Since that time I have studied the science of attachment theory and ecology, and learned the impact of our parenting approaches on infant mental health. What has struck me most across all of this learning was appreciating the impact that our environment can have on the developmental well-being of infants and young children. Our children’s environments are largely created but us in the early years, and we have a significant influence on how nurturing their environments are.

Nurturing, stable, safe, and loving environments can have a positive influence on children, including those with a history of trauma. Although we cannot change the past, what we do today to shift towards more nurturing environments can support infant mental health.


The passion I have for connected parenting in the early years and beyond is reflected heavily in my approach to supporting infant sleep.  Sleep deprivation can make even the most patient parent short-tempered and less compassionate.  Sleep-deficient infants are more easily upset, more 'wired', and often more difficult to get to sleep.  And yet, at the heart of it, infants need proximity to a loving adult who has the capacity to parent in a nurturing way. It is helpful to listen to our instincts about how to support their biological and emotional needs, and to seek support (from family, from friends, from skilled mental health care professionals) to do that.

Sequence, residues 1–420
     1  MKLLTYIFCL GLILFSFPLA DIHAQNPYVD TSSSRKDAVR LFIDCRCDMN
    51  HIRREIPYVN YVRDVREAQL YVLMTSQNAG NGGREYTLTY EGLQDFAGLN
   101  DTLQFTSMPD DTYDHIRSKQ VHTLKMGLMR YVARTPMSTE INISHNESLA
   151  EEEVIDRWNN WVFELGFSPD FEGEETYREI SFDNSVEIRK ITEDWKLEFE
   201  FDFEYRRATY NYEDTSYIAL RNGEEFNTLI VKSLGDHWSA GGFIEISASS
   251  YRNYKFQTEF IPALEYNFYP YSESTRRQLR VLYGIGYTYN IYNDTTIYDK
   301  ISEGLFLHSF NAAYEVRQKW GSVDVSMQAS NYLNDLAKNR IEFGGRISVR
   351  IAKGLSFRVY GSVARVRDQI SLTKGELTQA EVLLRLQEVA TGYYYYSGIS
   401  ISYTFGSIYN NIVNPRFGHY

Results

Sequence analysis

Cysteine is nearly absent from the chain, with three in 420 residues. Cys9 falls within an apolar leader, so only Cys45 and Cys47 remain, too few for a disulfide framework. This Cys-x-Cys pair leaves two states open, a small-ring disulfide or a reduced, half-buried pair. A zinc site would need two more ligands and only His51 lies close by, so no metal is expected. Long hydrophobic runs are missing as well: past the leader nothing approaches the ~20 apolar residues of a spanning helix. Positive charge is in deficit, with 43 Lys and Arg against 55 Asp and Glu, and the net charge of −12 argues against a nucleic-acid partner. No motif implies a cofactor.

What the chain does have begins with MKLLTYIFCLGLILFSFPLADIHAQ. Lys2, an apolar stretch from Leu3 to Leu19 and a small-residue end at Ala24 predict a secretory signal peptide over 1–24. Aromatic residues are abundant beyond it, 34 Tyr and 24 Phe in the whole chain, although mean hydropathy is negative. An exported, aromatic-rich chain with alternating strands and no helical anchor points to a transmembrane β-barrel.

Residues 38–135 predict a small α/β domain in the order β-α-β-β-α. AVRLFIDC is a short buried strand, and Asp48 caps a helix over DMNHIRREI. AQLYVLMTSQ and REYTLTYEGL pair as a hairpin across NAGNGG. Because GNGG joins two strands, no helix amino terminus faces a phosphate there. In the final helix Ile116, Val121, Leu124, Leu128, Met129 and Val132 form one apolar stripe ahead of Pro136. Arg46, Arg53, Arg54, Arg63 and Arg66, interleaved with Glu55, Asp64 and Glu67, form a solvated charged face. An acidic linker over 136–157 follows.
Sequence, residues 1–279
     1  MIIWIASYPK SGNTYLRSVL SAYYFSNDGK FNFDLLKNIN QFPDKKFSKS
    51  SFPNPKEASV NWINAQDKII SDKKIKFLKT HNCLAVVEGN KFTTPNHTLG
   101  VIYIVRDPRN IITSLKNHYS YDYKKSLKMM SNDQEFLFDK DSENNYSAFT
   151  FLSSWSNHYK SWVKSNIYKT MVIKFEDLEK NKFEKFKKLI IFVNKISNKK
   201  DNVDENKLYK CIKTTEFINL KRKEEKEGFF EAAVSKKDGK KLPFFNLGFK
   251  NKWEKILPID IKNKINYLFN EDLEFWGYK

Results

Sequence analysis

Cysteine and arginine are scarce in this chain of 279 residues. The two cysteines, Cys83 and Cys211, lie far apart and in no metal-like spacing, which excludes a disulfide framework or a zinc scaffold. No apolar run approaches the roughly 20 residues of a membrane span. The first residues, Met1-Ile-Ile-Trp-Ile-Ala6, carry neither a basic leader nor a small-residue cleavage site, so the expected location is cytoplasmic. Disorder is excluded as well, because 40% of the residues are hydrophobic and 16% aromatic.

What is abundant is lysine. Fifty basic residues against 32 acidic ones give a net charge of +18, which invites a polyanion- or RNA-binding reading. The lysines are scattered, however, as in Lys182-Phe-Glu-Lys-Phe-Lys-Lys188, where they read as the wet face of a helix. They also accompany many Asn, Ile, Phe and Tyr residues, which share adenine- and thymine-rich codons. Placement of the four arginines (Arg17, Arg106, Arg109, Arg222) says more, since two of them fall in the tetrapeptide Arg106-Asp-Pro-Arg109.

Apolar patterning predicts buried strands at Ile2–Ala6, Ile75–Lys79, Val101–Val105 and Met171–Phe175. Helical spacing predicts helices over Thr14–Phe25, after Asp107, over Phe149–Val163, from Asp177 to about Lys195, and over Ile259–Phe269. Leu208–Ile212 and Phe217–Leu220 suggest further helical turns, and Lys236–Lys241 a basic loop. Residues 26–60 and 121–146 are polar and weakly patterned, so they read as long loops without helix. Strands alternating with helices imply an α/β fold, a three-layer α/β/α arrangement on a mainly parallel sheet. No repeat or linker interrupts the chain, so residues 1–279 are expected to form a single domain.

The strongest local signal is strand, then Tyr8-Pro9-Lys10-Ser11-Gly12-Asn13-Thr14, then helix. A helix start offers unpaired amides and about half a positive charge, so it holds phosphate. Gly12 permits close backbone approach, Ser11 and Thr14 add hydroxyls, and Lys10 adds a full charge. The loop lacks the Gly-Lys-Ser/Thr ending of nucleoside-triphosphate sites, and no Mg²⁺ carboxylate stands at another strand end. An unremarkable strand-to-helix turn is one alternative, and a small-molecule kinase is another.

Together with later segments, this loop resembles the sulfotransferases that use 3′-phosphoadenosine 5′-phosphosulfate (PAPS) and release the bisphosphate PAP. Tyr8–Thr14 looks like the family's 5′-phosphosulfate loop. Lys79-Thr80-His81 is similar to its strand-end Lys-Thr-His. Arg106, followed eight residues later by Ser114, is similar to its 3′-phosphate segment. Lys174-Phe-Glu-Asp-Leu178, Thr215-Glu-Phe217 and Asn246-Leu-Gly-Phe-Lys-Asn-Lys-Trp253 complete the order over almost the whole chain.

My approach to infant sleep is to inform, to guide decisions, and to change the environment and expectations in order to progress towards sleep practices that support everyone's sleep needs.  For families who have additional challenges, including mental health issues, and trauma history, I connect families with local health care professionals who can continue to support families in ways that respect the family's needs and goals.

Understanding the huge impact that we, as parents, have on our children’s well being is not intended to add a burden. Rather, it can help make decisions easier: we can choose to meet the need. We can choose to connect. We can choose to be present with our children. And we can choose to take care of ourselves and to get support when we feel overwhelmed.

Key Messages:

  1. Attachment based parenting improves infant mental health.

  2. Our environment impacts our health.

  3. Decisions are easier when we know why attachment is important.

  4. Self-care is critical: fill your own cup so you can fill theirs too.

I am not a mental health professional. But there are talented and compassionate people in our community who are. If you are concerned about mental health and about your capacity to support a nurturing relationship with your child, reach out and seek support.